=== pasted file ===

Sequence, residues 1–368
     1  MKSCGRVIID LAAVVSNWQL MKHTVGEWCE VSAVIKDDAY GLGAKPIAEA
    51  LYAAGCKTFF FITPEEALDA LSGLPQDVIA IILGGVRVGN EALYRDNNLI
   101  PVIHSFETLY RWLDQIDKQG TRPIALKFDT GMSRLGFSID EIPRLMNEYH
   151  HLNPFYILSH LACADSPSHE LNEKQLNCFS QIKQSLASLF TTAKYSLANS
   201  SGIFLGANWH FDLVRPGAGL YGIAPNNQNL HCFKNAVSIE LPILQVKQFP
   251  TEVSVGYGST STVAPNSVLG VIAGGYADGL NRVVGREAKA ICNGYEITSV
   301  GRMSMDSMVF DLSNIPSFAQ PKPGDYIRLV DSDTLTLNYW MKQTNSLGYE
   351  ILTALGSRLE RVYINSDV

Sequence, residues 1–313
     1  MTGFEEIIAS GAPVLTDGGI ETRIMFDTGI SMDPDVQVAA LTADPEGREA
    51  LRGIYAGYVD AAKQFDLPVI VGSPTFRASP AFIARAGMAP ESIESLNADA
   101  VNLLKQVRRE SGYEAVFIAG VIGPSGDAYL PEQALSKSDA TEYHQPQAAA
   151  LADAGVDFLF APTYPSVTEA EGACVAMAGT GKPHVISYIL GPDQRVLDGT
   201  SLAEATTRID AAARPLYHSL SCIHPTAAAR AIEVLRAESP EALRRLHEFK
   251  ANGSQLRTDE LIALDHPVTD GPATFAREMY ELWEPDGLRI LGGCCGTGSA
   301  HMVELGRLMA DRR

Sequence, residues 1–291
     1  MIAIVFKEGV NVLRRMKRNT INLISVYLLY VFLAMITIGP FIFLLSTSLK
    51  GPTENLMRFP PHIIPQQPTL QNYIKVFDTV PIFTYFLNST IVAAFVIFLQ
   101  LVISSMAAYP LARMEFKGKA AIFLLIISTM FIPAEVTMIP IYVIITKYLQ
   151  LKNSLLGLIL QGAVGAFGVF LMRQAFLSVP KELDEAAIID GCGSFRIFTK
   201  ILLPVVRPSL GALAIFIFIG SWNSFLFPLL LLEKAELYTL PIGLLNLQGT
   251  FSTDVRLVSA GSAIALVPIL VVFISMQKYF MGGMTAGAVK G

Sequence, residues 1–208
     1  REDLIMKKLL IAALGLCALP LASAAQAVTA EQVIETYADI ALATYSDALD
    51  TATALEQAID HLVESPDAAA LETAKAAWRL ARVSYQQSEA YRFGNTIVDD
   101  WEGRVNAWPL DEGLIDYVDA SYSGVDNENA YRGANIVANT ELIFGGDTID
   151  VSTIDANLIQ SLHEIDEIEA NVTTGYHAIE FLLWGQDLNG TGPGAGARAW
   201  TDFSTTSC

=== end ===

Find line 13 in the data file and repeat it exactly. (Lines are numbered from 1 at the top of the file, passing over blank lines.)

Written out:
   101  VNLLKQVRRE SGYEAVFIAG VIGPSGDAYL PEQALSKSDA TEYHQPQAAA